FBI arrests Ethereum expert: Accused of aiding money laundering or facing 20 years in prison

Virgil Griffith, a cryptocurrency expert and member of the Ethereum project, has been arrested by U.S. law enforcement officials at Los Angeles International Airport on suspicion of violating the International Emergency Economic Rights Act. Media reported that it is suspected of helping North Korea evade sanctions through blockchain technology. If convicted, the 36-year-old U.S. citizen and Singapore resident faces up to 20 years in prison.

FBI arrests Ethereum expert: Accused of aiding money laundering or facing 20 years in prison

(Instagram via TechSpot)

To illustrate the specifics, Virgil Griffith has previously been refused permission to travel to North Korea and has even been repeatedly warned of the consequences of such behaviour. Despite this, he went there earlier this year and gave a technical speech at a conference on blockchain and cryptocurrencies in Pyongyang.

Virgil Griffth’s move jeopardizes the sanctions that Congress and the president have imposed on North Korea, the Justice Department said in a press release. The FBI also said the sanctions are designed to prevent malicious actors from financing their weapons of mass destruction programs.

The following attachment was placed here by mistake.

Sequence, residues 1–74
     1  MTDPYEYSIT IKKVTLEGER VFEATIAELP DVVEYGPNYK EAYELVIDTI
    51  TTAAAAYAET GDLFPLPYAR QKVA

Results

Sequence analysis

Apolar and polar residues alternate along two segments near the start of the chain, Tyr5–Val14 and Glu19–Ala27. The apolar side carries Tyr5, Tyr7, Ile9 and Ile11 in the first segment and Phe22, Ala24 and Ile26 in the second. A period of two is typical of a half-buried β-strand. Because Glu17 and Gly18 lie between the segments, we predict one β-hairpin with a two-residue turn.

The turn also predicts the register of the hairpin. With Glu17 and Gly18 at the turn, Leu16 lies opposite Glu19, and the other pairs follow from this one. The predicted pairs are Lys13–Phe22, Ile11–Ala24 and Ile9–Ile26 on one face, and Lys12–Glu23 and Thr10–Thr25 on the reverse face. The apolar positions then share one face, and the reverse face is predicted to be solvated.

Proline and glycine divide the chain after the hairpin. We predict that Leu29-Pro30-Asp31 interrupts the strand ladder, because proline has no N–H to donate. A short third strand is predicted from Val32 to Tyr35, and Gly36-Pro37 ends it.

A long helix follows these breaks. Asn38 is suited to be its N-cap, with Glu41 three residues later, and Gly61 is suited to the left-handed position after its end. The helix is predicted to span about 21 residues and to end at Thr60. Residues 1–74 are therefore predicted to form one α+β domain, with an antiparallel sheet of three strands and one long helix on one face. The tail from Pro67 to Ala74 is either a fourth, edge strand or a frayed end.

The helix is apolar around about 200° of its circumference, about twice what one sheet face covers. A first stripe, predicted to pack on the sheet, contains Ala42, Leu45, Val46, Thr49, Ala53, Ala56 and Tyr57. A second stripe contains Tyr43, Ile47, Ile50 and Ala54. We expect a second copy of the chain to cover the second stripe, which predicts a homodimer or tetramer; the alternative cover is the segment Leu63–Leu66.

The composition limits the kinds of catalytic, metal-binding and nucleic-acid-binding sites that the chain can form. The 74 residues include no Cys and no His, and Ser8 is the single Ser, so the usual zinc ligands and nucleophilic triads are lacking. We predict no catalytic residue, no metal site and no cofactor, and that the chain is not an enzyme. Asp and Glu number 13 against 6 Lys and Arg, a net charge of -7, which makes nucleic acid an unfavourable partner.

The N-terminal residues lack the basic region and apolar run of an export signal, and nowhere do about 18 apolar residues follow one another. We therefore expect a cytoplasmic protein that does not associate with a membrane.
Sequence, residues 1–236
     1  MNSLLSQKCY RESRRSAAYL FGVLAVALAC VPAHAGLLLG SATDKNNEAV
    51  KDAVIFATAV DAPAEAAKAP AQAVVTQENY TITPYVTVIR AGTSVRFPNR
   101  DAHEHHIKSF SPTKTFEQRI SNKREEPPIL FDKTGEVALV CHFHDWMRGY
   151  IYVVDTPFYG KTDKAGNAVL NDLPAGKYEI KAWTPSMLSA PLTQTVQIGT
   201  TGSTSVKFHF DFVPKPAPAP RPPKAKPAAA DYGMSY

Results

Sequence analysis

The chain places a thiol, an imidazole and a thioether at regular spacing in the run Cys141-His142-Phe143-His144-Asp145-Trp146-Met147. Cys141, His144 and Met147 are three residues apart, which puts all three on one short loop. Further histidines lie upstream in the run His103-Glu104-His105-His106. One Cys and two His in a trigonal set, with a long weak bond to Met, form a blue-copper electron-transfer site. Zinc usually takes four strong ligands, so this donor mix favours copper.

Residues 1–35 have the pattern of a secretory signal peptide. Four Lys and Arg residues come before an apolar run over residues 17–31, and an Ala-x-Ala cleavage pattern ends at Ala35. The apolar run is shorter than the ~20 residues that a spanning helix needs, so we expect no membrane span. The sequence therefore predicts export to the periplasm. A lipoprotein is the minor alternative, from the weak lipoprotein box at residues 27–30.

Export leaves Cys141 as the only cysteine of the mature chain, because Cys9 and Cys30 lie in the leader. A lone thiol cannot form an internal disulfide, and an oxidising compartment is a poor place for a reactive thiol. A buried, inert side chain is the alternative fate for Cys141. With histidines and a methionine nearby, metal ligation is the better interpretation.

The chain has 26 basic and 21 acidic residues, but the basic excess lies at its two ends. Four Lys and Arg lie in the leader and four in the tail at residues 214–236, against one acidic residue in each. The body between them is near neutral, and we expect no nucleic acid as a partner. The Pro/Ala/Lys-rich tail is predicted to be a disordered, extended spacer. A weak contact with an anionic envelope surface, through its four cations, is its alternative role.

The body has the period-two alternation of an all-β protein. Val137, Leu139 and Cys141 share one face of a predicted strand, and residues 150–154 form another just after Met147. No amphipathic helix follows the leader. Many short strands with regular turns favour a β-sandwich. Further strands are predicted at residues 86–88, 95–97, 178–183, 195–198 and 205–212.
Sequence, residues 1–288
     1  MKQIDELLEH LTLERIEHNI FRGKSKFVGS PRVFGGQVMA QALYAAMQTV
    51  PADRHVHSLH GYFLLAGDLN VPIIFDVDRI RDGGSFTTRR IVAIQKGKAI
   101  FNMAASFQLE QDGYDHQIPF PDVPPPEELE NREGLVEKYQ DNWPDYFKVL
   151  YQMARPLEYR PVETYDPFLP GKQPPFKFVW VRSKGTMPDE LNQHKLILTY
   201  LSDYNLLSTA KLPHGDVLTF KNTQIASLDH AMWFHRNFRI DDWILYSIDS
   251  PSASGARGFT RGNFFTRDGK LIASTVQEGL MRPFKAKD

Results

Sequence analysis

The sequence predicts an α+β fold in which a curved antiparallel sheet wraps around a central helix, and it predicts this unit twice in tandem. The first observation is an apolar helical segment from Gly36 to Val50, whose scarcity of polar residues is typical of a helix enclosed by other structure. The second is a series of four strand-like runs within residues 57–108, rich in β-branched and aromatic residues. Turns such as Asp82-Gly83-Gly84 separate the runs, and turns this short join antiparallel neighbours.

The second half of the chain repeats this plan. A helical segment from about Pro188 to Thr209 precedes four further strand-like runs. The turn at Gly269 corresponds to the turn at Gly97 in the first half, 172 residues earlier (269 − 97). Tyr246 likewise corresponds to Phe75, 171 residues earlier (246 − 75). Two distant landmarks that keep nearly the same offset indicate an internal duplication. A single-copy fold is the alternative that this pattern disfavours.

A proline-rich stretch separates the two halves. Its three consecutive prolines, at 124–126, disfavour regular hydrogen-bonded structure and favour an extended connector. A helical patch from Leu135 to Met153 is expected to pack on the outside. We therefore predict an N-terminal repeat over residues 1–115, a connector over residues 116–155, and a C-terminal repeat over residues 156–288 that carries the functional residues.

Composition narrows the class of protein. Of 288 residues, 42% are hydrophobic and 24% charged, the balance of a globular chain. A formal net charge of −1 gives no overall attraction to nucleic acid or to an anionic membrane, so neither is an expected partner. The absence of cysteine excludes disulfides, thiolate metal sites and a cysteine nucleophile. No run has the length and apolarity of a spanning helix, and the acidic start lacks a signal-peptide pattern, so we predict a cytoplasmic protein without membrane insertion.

Yet Virgil Griffith travelled to North Korea in April alone to discuss how to use cryptocurrencies to evade such restrictions and “money laundering.”

To make matters worse, it describes a plan to simplify the exchange of cryptocurrencies between the two Koreas, in violation of U.S. sanctions restrictions. Virgil Griffith then invited other U.S. citizens to North Korea for meetings over the next few years, the report said.

The U.S. government has been informed that Virgil Griffith has been seeking information on renouncing u.S. citizenship and is studying citizenship options or asylum in other countries. But some supporters see his intention as to connect the two Koreas and have the ability to prove his innocence.

Earlier this year, a leaked UN report said North Korea had stolen billions of dollars from cyberattacks to help its weapons program.

As cryptocurrencies become more popular, $3.1 billion in digital assets have been stolen from exchanges this year, the researchers note. By the end of 2019, that number could climb to more than $4 billion.

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